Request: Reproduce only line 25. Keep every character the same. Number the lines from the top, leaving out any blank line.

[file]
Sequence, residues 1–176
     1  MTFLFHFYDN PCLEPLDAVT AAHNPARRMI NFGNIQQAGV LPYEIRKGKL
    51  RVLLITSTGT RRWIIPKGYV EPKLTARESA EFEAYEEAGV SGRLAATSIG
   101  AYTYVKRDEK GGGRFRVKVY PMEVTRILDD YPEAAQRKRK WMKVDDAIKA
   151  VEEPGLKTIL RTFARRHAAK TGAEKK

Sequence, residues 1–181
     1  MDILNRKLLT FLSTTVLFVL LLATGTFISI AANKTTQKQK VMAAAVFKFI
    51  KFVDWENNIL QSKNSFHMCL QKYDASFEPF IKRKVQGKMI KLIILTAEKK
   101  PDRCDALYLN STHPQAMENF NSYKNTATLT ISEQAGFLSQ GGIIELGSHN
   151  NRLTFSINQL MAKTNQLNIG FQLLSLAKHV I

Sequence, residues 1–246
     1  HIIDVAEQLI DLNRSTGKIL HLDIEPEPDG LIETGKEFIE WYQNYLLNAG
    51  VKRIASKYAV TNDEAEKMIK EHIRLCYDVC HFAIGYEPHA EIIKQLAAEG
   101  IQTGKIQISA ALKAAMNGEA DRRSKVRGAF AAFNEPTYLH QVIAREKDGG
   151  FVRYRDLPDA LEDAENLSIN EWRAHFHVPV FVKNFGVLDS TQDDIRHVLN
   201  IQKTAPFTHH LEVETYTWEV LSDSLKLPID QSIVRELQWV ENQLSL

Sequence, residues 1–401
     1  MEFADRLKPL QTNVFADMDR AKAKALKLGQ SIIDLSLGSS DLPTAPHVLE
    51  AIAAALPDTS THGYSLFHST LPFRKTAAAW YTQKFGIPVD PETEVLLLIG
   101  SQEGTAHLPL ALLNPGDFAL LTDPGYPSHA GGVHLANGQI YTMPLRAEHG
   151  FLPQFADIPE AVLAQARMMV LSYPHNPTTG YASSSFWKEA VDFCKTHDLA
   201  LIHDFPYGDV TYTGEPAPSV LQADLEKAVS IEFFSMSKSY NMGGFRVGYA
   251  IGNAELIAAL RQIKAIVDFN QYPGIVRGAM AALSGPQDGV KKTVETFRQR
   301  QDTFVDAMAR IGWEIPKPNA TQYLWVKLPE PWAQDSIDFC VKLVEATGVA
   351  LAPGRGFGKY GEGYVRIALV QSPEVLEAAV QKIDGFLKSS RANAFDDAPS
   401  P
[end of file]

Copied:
   351  LAPGRGFGKY GEGYVRIALV QSPEVLEAAV QKIDGFLKSS RANAFDDAPS